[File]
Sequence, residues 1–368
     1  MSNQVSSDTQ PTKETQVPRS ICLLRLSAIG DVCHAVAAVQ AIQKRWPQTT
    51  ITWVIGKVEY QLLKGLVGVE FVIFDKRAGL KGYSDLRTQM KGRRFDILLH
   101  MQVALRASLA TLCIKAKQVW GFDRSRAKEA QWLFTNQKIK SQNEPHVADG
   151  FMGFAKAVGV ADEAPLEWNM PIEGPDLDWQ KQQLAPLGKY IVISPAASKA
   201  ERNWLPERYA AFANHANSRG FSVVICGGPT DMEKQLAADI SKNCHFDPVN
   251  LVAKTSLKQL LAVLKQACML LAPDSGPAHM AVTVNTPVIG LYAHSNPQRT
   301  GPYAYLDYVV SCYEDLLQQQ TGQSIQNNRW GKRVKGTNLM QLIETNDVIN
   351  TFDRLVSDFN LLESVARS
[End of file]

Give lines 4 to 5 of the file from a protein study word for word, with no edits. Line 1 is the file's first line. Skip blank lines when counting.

   101  MQVALRASLA TLCIKAKQVW GFDRSRAKEA QWLFTNQKIK SQNEPHVADG
   151  FMGFAKAVGV ADEAPLEWNM PIEGPDLDWQ KQQLAPLGKY IVISPAASKA